2014 will be remembered as one of the best years ever for cattle feeders 2015 will leave memories as well but from a polar opposite perspectivemdashthe worst year for cattle feeders everquotIt39s very bearishquot says Kansas State University Extension Livestock Market Economist Glynn Tonsor quotThe closeouts that are projected from October through July they are all negative and particularly negative for the next six months When we look October through December they all are 460 to al

What’s more sustainable: Grain-fed or grass-fed beef?

As consumer awareness and concern about how cattle production impacts the environment grows, so does the debate on sustainability. But for grain-fed vs. grass-fed beef, is it really a case of one over the other?

With more attention being paid to sustainability, there is a growing debate about what constitutes sustainable beef production. This leads to the question: is there one production system more sustainable than another? And given the increased focused on sustainability, the sustainability of conventional vs. grass fed beef production is a fair question. The question of which is more sustainable is difficult to answer since it depends upon what area of sustainability you’re focused on.

For example, the grain-finishing system that represents approximately 95% of U.S. beef production is considered by critics to be the pinnacle of what’s wrong with the U.S. beef system. Critics claim the resources used to raise the grain to feed to cattle would be better used to raise food to be consumed directly by humans.

What the critics of the grain-fed beef system fail to recognize is that from a carbon footprint basis, the grain-fed model actually has the smallest footprint. The reason for this is because beef produced through the feedlot system is produced by cattle that are harvested at a heavier weight-per-day-of-age (14 – 18 months of age) and at a higher dressing percentage. What this means is the cattle are slaughtered at weights ranging from 1,300 to 1,400 pounds, and at a dressing percentage ranging from 63% to 64% generally.

Contrast this with grass-finished beef, which is usually produced from cattle that are 20 – 24 months of age or older, at weights ranging from 1,000 to 1,100 pounds and at cutouts ranging from 58% to 60%. The older age and lighter weight at slaughter of grass-fed beef means there is a higher carbon footprint in grass-fed beef.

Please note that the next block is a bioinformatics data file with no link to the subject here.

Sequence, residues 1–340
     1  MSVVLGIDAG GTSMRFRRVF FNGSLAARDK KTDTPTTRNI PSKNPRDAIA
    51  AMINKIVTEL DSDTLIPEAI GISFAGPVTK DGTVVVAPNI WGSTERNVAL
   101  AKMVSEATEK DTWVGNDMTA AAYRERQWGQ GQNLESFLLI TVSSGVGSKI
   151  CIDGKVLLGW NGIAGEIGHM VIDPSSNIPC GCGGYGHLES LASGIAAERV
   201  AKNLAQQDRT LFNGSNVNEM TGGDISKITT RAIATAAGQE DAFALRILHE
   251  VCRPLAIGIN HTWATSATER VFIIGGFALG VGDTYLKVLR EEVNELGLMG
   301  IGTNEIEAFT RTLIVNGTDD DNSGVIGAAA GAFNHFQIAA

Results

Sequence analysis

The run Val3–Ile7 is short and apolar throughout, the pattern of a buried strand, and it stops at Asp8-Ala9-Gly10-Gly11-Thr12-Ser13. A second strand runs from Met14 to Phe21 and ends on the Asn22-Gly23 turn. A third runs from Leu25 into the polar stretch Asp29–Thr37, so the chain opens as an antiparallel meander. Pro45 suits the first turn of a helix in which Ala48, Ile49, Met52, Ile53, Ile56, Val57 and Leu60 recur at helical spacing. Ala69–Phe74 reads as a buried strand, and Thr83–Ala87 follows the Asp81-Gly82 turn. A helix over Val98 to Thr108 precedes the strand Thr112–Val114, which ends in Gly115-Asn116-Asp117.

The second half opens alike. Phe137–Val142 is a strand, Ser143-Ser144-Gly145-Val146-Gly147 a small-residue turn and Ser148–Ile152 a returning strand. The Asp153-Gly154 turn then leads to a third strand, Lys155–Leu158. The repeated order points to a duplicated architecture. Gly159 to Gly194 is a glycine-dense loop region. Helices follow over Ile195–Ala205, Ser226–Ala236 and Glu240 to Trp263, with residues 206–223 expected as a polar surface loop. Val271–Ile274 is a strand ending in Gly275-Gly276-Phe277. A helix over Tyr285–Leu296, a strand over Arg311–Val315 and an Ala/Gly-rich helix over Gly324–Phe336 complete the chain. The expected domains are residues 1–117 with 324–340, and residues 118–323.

Despite the higher carbon footprint of grass-fed beef, there is a growing consumer perception that grass-fed equals sustainable. This can be contributed to a general media basis against what is perceived as “factory farming,” and savvy marketing that capitalizes on the growing consumer segment that wants food perceived to be produced locally, naturally and sustainably.

But that’s not to say grass-fed beef doesn’t contribute to sustainability. Grass-fed beef has one very important element going for it … grass! Proper grazing management contributes significantly to carbon sequestration and a buildup of soil biomass, which contributes to not only higher soil carbon levels, but key factors such as water infiltration rate, and greater soil microbe levels.

Although this is a larger story than the average consumer cares to understand, this is an incredibly important element. Remember, though, that it isn’t unique to grass-fed system as most all beef cattle spend at least a portion of their lives on grass. And remember that the beef industry has yet to capitalize on or even begin to tell the intriguing story of how cattle ranching can contribute to carbon sequestration.

What is the beef industry to do about the growing debate about which production system is sustainable? Perhaps the answer is to celebrate both, since they both contribute significantly to sustainability. One minimizes the carbon footprint, and the other has a great story about contributing to carbon sequestration.

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